It is a consensus that the Mediterranean diet is effective and possibly the most appropriate dietary intervention for the prevention and treatment of CVD (2,3,4,5,6). This diet is characterized by a low saturated fat intake in addition to a high consumption of vegetables, fish, and olive oil and a moderate consumption of wine (5). Nevertheless, adherence to this diet seems to be an obstacle in successfully controlling cardiovascular risk factors. Thus, cultural adaptation seems to be the most appropriate means for its management in countries outside of the Mediterranean region (6). In Brazil, the Mediterranean diet differs vastly from local customs, and this factor is seemingly related to low adherence to the diet (7).
Brazil is a developing country with a wide range of cultures and important socio-economic limitations. Additionally, significantly increased mortality and morbidity from CVD have been observed, which compromises the government's finances. Brazil also possesses a rich variety of natural and nutritional resources that are potentially beneficial in the treatment of CVD (8,9). Nevertheless, no studies have explored the putative benefits of food resources that are part of the Brazilian culture in comparison with the standard diet that has been proposed by the Brazilian guidelines in the prevention and treatment of cardiovascular diseases.
The aim of this randomized pilot trial was to evaluate the Brazilian Cardioprotective Diet Program (a Brazilian version of an accessible dietary therapy for cardiovascular diseases) in reducing blood pressures, fasting glucose levels, and body mass indices (BMIs) in patients with established atherothrombotic disease.
We conducted a randomized (concealed) controlled pilot trial to evaluate the effects of the Brazilian Cardioprotective Diet Program on blood pressures, BMIs, and fasting glucose levels in patients with established atherothrombotic disease. The trial was designed by the Steering Committee and registered at Clinicaltrials.gov (NCT01453166). The study protocol was approved by the ethics committee of our institution. All patients provided informed consent prior to participation.
We included outpatients who were over 45 years of age with established or previous atherothrombotic CVD occurring in the past 10 years and who were at high CVD risk. Atherothrombotic CVD was defined as follows: coronary heart disease (stable or unstable angina pectoris, a history of myocardial infarction or acute coronary syndrome, a prior coronary revascularization procedure, a history of abdominal segmental wall motion as shown by cardiac echocardiography or a fixed segmental defect in the radionuclide imaging test), ischemic cerebrovascular disease (ischemic stroke or transient ischemic attack), or peripheral vascular disease (prior peripheral revascularization procedure or amputation due to vascular disease).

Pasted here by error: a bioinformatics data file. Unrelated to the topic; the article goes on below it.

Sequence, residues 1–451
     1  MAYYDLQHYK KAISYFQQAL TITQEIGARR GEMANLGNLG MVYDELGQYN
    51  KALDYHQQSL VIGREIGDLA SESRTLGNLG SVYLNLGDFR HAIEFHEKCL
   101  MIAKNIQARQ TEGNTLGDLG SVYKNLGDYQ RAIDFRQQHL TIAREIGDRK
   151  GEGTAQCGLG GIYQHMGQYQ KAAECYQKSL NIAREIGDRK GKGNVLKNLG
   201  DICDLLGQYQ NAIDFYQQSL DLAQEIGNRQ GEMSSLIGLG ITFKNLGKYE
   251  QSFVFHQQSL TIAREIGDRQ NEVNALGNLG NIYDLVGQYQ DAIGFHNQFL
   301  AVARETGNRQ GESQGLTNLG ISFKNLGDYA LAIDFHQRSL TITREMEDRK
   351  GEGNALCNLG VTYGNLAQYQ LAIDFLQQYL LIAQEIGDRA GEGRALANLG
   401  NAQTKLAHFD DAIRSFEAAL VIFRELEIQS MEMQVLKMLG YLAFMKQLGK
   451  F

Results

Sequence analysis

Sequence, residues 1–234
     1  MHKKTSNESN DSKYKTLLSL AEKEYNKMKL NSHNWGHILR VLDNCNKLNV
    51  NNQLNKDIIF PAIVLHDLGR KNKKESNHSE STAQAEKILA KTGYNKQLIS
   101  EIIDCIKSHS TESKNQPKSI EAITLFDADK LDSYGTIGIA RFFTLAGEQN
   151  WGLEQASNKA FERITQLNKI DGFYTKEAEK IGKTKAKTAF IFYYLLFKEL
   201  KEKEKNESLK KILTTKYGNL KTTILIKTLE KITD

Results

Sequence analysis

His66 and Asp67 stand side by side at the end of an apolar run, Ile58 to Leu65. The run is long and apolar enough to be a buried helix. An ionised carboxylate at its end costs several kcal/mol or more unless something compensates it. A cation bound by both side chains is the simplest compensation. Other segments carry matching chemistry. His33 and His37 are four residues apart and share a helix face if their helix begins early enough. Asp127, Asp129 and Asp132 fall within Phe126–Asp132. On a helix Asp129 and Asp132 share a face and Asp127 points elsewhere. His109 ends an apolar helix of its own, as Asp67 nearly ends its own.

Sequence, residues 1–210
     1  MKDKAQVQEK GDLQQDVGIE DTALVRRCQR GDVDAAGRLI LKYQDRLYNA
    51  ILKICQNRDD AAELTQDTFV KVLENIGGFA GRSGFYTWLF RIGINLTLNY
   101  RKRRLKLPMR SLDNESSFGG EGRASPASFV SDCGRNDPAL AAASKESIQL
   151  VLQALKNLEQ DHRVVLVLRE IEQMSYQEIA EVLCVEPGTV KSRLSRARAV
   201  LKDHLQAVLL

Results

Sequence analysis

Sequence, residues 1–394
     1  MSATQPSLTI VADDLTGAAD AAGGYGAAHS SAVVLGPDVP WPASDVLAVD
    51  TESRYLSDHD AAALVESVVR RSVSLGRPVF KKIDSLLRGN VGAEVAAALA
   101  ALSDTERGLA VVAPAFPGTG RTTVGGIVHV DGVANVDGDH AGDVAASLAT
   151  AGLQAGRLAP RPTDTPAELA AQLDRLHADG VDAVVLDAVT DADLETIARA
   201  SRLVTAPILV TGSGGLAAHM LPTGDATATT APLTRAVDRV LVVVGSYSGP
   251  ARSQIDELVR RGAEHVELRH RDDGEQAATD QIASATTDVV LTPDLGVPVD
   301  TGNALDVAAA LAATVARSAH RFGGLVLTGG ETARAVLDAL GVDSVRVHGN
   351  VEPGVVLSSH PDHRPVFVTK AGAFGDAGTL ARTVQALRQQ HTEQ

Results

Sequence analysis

The patients also had at least one of the following risk factors: diabetes mellitus (serum glucose >100 mg/dl), hypertension (systolic blood pressure >130mm Hg or diastolic blood pressure >85 mm Hg), smoking, dyslipidemia (low density lipoprotein (LDL) >160 mg/dL, triglycerides >150 mg/dL, or total cholesterol (CT) >200 mg/dL), family coronary artery disease history, asymptomatic carotid disease or BMI >25 kg/m2 for adults and >28 kg/ m2 for seniors.
We excluded patients with neurocognitive or psychiatric conditions (as defined by the clinical trial investigators), pregnant or lactating women, patients with hepatic impairment or renal insufficiency, and patients with a life expectancy of less than six months (e.g., those with metastatic malignancies).
Randomization and Allocation Concealment
After providing written informed consent, the patients were randomized in a 1:1:1 ratio to receive one of three dietary interventions (A, B, or C). The allocation concealment was guaranteed by using sealed and opaque envelopes that were numbered sequentially. The patients who were allocated to Group A joined the Brazilian Cardioprotective Diet Program, which involves a Brazilian version of an accessible dietary therapy for cardiovascular diseases and weekly counseling with dieticians. The patients in Group B received the dietary therapy that was proposed by the Brazilian guidelines for cardiovascular diseases and also attended weekly counseling sessions with dietitians. Group C received the same dietary intervention as Group B, but the patients were counseled monthly.
The nutrient profiles of the diets were based on the Brazilian guidelines for cardiovascular disease treatment (10,11,12). The diets contained 50-60% of energy from carbohydrates, 15% from proteins, and 25-35% from fats. In addition, 20-30 g/d of fiber and 2,000 mg/d of sodium were recommended. The concentrations of saturated, monounsaturated, and polyunsaturated fatty acids were <7%, <20%, and <10%, respectively. The total dietary energy intake was adjusted only for patients with a baseline BMI >25 kg/m2.